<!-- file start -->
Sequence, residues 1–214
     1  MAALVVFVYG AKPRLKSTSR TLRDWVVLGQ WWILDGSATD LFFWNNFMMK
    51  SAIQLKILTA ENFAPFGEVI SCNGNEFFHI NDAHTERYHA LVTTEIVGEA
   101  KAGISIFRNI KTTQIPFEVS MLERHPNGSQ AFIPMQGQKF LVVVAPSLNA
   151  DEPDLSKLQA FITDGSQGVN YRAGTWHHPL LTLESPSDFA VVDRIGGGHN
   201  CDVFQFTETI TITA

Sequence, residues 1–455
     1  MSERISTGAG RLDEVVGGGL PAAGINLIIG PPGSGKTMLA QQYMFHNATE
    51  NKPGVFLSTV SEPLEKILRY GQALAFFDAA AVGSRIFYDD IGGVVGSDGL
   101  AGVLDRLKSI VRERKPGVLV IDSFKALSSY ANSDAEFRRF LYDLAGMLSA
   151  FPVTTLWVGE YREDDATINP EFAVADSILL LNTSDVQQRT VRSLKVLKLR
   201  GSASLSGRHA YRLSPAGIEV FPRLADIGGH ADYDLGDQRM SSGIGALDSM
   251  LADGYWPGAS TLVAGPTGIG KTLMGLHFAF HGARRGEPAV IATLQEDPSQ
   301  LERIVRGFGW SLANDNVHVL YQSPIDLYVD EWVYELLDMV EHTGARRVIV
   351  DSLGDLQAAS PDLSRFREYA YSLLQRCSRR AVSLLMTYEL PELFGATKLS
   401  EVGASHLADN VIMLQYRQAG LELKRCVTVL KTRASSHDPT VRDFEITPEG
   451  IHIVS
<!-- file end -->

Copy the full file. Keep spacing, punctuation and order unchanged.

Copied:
Sequence, residues 1–214
     1  MAALVVFVYG AKPRLKSTSR TLRDWVVLGQ WWILDGSATD LFFWNNFMMK
    51  SAIQLKILTA ENFAPFGEVI SCNGNEFFHI NDAHTERYHA LVTTEIVGEA
   101  KAGISIFRNI KTTQIPFEVS MLERHPNGSQ AFIPMQGQKF LVVVAPSLNA
   151  DEPDLSKLQA FITDGSQGVN YRAGTWHHPL LTLESPSDFA VVDRIGGGHN
   201  CDVFQFTETI TITA

Sequence, residues 1–455
     1  MSERISTGAG RLDEVVGGGL PAAGINLIIG PPGSGKTMLA QQYMFHNATE
    51  NKPGVFLSTV SEPLEKILRY GQALAFFDAA AVGSRIFYDD IGGVVGSDGL
   101  AGVLDRLKSI VRERKPGVLV IDSFKALSSY ANSDAEFRRF LYDLAGMLSA
   151  FPVTTLWVGE YREDDATINP EFAVADSILL LNTSDVQQRT VRSLKVLKLR
   201  GSASLSGRHA YRLSPAGIEV FPRLADIGGH ADYDLGDQRM SSGIGALDSM
   251  LADGYWPGAS TLVAGPTGIG KTLMGLHFAF HGARRGEPAV IATLQEDPSQ
   301  LERIVRGFGW SLANDNVHVL YQSPIDLYVD EWVYELLDMV EHTGARRVIV
   351  DSLGDLQAAS PDLSRFREYA YSLLQRCSRR AVSLLMTYEL PELFGATKLS
   401  EVGASHLADN VIMLQYRQAG LELKRCVTVL KTRASSHDPT VRDFEITPEG
   451  IHIVS